It looks like the might finally be a deal to break the government shut down and debt ceiling deadlock. However, given the general instability, one can never be certain until it actually is passed into law.
As someone who feels that one should follow due process unless there is a clear and imminent danger that requires one to shred the normal rules, I tend to get sucked in by discussions about how things actually work in government. The current efforts to find ways to end the government shut down and raise the debt ceiling have resulted in me learning more about how the US Congress works than I ever thought I would need. Here is what I have learned.
The House has 435 members which requires 218 votes to pass a bill. Currently three seats are vacant, meaning that only 217 votes are needed for a majority. There are 232 Republicans and 200 Democrats while the Senate has 52 Democrats, 46 Republicans and 2 Independents who tend to caucus with the Democrats.
In the maneuvering over the budget shut down, attention has focused on the Republican controlled House of Representatives since this is the body that is supposed to initiate all spending bills and then send them to the Senate for passage. What has been happening so far is that the House kept passing continuing resolution bills that fund the government and raise the debt ceiling but only for a short while, but also adding provisions that either defund the Affordable Care Act or delay it for a year, or add some additional restrictions.
The Democratic-controlled Senate then stripped away those additions and sent back a ‘clean’ continuing resolution. The House then sends another bill that was similar to the one they sent earlier, which again gets stripped by the Senate and sent back. So this is the tennis game that has been played so far. They even call each transfer from one chamber to another a ‘volley’.
But while the Senate has been voting on almost strict party lines there have been crossovers in the House and the actual vote totals should not be taken too much at face value. For example, one of the earlier House votes to restrict the ACA passed by a vote of 228 to 201 with 3 not voting, while the next one passed by a vote of 228 to 199 with 4 not voting.
The thing to note about the vote totals is that it includes some maneuvering. For example, there are a few Republicans who voted with the Democrats against the bills because they felt that a one-year delay was a sell-out and they wanted permanent defunding. Similarly, there are about 8 or 9 Democrats who represent districts that are quite conservative. These Democrats wait until the vote exceeds 217, and then vote with the Republicans since their vote won’t affect the outcome. If the outcome had been in doubt, they would likely have voted the party line. One Democrat who has been doing this is Kyrsten Sinema from Arizona, who entered Congress for the first time in 2010. A bisexual and former Mormon, she was thought to be an atheist but has been circumspect about her religious beliefs since her election, only saying that she believes in a secular government.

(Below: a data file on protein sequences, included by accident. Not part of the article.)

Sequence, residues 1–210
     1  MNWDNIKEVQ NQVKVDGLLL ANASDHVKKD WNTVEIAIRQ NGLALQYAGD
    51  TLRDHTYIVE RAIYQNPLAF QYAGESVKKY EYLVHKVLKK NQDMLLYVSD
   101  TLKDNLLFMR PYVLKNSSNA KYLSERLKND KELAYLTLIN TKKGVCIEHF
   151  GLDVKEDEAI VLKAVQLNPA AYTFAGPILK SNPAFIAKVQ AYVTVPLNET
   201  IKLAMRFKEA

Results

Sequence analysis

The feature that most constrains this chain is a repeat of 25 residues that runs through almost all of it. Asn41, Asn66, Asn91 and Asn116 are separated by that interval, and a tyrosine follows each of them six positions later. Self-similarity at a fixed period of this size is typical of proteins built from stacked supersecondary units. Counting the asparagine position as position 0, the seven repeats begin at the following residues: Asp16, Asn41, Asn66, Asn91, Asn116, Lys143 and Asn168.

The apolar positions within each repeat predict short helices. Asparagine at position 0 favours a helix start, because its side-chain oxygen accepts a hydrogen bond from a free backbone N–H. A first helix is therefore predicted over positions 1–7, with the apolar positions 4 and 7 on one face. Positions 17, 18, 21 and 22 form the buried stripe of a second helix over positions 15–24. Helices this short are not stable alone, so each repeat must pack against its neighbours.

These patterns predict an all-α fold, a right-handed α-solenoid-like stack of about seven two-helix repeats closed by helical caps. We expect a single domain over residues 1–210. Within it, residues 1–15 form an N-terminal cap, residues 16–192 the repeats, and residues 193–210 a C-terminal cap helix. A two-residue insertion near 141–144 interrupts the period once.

But in the last few days, most Republicans seem to have abandoned any serious attempts to destroy the ACA and have resorted to finding some face-saving ways to get themselves out of this mess without seeming to have totally surrendered. Byron York explains how and why the two houses keep punting the bills back and forth and what lay behind the debacle last night. He says that to understand the dynamic, one has to focus on the fact that the Republicans in the senate are a minority while they are in the majority in the House. Hence they think that the House can pass a stronger bill that can then be sent to the Senate. This body will necessarily water it down since the Democrats are in the majority, while still being acceptable to them
But if the Senate Republicans were to take the lead, they would have to propose a much weaker bill to start with to get it passed in their chamber and then send it to certain doom in the House. They also face the problem that a bill that is initiated in the Senate would be a Democratic one and face one of the many procedural roadblocks that people like Ted Cruz could throw in its way. But a bill that came from the House would be a Republican one and unlikely to be blocked.
This is why there was such consternation last night when it appeared that the House Republicans couldn’t agree on anything at all to be passed and just gave up and went home. This meant that the Senate had to act. The only way that such a bill could pass in the House is if a vote is allowed by the Speaker and it passes largely with Democratic votes, which would be political trouble for him. The Republicans unwittingly helped tie the noose around their own necks a few weeks ago by being too clever and abruptly closing a mechanism by which any member of the House could bring a bill to the floor for a vote if there was an impasse between the House and Senate. On September 30, just before the shut down went into effect, the Republican leadership quietly changed the rules so that only the House majority leader could do so. If not for that, a Democrat could have brought the Senate bill to the floor for a vote and passed it with some Republican support, absolving the leadership of any blame. But as a result of their tactic, the House Republican leadership now has to take full ownership of any bill they bring to the floor, risking the wrath of the extremists.
So there we are, with the House Republican leadership hoist by their own petard.